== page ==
TripAdvisor is doubling down on tours and activities.
TripAdvisor CEO Stephen Kaufer said Tuesday the company’s tours and activities offerings, which it recently rebranded as TripAdvisor Experiences, might turn out to be a business worth “up to a couple billion dollars.”
It was only two years ago, at the same JPMorgan Global Technology, Media and Communications conference that Kaufer addressed Tuesday, in which he termed attractions as “our next $1 billion business.”
So Kaufer, speaking at the gathering in Boston, has doubled his estimate of the company’s footprint in the sector, adding that’s he’s “extremely bullish on that attractions space.”
He said that the attractions business should have take rates of 15 to 20 percent, similar to the online hotel business, but the addressable market would be only around half that of hotels.
“So if you size Attractions compared to hotels, overall size might be half, but we’re the leader in that category,” Kaufer said. “So what can the margin should kind of look the same as hotels from an OTA [online travel agency] perspective.”
A CLEAR FARAWAY LEAD?
When asked about the tours and activities competition, which includes Expedia, Booking.com, Airbnb, GetYourGuide and Klook, among others, Kaufer said TripAdvisor, which acquired Viator in 2014, is far ahead of the pack.
“Yes, there are a number of players jumping into the Experiences game,” Kaufer said. “I’d say we have the clear, faraway lead in the category already. If you look at the demand on TripAdvisor, the number of the 100-plus million attractions, shoppers every month, they’re planning the trip, they’re in-destination, they’re looking for a great thing to do and they’re already coming to TripAdvisor.”
Competitors, of course, will have something to say about whether TripAdvisor will be able to maintain that so-called faraway lead. Booking Holdings just acquired FareHarbor, a supply integrator that’s a lot bigger than TripAdvisor’s new possession, Bokun.
Airbnb, too, with its increasingly global brand recognition, is making a push in the experiences sector.
Kaufer acknowledged that these are still early days for bringing tours and activities online, saying the company only offers a “small percentage” of all the possible things to do at most destinations. But he argued that TripAdvisor’s advantage and opportunity is to leverage that “incredible footprint of demand that TripAdvisor already has.”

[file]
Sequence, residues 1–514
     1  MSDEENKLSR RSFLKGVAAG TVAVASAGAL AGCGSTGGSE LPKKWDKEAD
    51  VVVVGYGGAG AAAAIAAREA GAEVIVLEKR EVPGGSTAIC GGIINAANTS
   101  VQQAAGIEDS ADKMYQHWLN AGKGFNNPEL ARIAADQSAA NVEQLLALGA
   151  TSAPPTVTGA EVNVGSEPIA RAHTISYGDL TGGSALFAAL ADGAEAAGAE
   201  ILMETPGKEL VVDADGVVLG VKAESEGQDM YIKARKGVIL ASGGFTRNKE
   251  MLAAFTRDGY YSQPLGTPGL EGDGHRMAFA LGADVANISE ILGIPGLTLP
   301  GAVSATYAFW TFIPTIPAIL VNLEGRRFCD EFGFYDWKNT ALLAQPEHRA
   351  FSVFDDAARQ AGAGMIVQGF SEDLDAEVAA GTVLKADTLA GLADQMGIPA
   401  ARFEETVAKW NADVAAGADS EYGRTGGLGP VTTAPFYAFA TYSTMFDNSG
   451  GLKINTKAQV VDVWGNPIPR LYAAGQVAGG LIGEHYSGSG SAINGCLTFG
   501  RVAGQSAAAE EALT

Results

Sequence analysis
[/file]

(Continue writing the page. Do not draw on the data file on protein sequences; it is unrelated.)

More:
Kaufer conceded that Iceland-based Bokun, which TripAdvisor bought recently, has a limited geographic scope but TripAdvisor plans to “blow it out globally.” It will take years, however, to build up Bokun’s global supply of attractions. In the interim, TripAdvisor will maintain connections with other technology integrators, too, he said.
Kaufer portrayed its Experiences business as being a supplement to the company’s hotel business as it emphasizes TV advertising over performance marketing, and deals with the subsequent drop in people shopping for hotels through its channels. In making its marketing spend more efficient, TripAdvisor is trying to target more targeted leads — or customers further along or more likely to book.
As its number of hotel shoppers drop because of the changed marketing strategy, consumers who do use TripAdvisor to shop for hotels may stay engaged longer and make an incremental booking the form of a purchase for an in-destination tour or attraction, Kaufer said.
In the first quarter, TripAdvisor’s non-hotel business, which includes experiences, restaurants and rentals, increased its revenue 36 percent to $79 million compared with the year-earlier period. Tours and activities and restaurants are driving the growth in TripAdvisor’s non-hotel segment, which isn’t profitable.
Along with tours and activities, Kaufer is bullish on its restaurant reservations and advertising business, as well. Kaufer said TripAdvisor has 4 million to 5 million restaurant listings on the site, and he’s challenging his team to turn that into a $1 billion business.